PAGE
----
Plus, Graham pointed out, LBSU set up its defense to pack in and try to take away points in the paint (though KU still scored 36 of those), almost inviting Kansas to shoot 3-pointers instead.

Obviously KU won’t see the same kind of defense every night if its guards keep burying open looks from downtown. And then the burden to score will increase for the team’s bigs. What’s more, Graham doesn’t think the Kansas post players will let their woes persist, even after a disappointing night.

“They’re doin’ real well with it,” Graham said. “They’ve been goin’ hard at each other in practice. So they’re gettin' better. They havin' that little slump, but I think definitely Carlton and Landen and ’Dok are doin’ a great job of gettin' through it.”

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Kansas guards rewarding coach Bill Self for trust he puts in them

Kansas guard Frank Mason III (0) and Kansas guard Devonte' Graham (4) watch a free throw during the second half, Tuesday, Nov. 22, 2016 during the championship game of the CBE Classic at Sprint Center.

Kansas guard Frank Mason III (0) and Kansas guard Devonte' Graham (4) watch a free throw during the second half, Tuesday, Nov. 22, 2016 during the championship game of the CBE Classic at Sprint Center. by Nick Krug

It sometimes can take quite a while for Kansas basketball players to earn the trust of their demanding coach, Bill Self.

That’s what made something Self said Monday afternoon so interesting when asked how much importance he puts on the first play of the game.

“Not much,” Self said, “although probably for the last 10 years we’ve scripted the first five plays every game, until this year. We haven’t scripted really this year much at all. We script the first play, obviously, but after that we really haven’t scripted much.”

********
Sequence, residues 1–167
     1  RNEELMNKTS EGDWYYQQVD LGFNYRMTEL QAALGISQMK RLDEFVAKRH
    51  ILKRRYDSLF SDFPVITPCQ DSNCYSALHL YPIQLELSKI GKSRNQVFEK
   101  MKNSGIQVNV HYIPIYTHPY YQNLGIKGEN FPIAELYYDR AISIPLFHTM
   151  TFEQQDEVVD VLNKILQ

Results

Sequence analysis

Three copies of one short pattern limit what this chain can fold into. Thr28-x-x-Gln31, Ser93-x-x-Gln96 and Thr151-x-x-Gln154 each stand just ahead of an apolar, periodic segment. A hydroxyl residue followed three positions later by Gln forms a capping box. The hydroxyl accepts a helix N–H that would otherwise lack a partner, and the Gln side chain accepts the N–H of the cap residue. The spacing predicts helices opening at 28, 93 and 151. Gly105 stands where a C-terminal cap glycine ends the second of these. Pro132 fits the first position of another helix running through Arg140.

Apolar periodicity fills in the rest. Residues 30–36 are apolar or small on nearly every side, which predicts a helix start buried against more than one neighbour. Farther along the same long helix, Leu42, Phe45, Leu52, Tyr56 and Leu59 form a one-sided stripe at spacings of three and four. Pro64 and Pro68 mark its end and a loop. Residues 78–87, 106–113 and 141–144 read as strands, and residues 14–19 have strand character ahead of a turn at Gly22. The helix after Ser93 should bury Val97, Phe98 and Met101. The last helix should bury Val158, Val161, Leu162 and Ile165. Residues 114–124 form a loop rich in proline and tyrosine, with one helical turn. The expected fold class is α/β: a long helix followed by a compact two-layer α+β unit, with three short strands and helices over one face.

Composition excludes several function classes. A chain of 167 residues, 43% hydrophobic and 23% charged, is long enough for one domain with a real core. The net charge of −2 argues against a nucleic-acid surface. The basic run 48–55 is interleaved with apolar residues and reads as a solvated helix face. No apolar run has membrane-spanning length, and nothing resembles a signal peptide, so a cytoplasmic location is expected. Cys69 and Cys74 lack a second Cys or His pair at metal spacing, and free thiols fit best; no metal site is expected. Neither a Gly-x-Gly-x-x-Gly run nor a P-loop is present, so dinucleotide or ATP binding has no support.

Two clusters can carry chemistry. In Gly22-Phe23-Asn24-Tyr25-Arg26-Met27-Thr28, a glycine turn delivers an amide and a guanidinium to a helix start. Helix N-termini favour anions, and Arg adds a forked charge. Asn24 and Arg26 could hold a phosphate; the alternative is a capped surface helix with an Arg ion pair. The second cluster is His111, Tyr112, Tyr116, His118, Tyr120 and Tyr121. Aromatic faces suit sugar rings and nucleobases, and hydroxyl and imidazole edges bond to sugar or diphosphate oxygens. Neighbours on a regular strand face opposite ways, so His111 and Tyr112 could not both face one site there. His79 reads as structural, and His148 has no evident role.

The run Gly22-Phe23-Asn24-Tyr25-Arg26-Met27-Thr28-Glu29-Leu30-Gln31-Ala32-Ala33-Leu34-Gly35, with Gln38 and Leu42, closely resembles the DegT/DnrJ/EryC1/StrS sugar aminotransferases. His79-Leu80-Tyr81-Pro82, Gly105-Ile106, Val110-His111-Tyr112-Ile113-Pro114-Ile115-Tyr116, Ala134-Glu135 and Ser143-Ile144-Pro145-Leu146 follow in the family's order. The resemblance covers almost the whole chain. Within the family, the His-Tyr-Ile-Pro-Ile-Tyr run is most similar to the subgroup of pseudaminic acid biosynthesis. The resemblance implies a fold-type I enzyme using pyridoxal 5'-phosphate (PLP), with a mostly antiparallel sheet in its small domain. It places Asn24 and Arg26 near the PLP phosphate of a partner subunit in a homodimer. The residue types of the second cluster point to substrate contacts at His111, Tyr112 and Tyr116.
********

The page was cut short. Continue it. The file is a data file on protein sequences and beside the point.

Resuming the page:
Interesting. Why the change?

“I’ve found the best way to play with guys that we presently have is to let them play, not to try to tell them how to play,” Self said. “I think that’s worked out better for us and maybe save the scripted plays for an ATO (after timeout).”

Self is the Larry Brown of his era in turning ATO’s into points.

His backing off on scripting in general says a lot. First, I think it says he trusts his guards, which makes sense since senior Frank Mason and junior Devonte Graham are so experienced and such smart players.

It also might say that he what he trusts most about them and fellow perimeter player freshman Josh Jackson is that they will play with unbridled aggressiveness. Scripting too much can lead to too much thinking, which can temper aggressiveness.

Graham, Jackson and Mason put so much pressure on teams at both ends and they seem to enjoy playing together to such an extent that they feed off of each other and fuel each other’s attacking style.

The trio is terrific at collapsing defenses with strong drives to the hoop and nearly as good at collapsing offenses with Mason and especially Graham pressuring the ball and Jackson sniping in the passing lanes better than any Kansas player since Mario Chalmers.

It really is quite a compliment to the players that Self has minimized scripting plays. So for the starting perimeter trio has made the coach look smart for doing so.

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Who’s the best 3-point shooter for Kansas this season?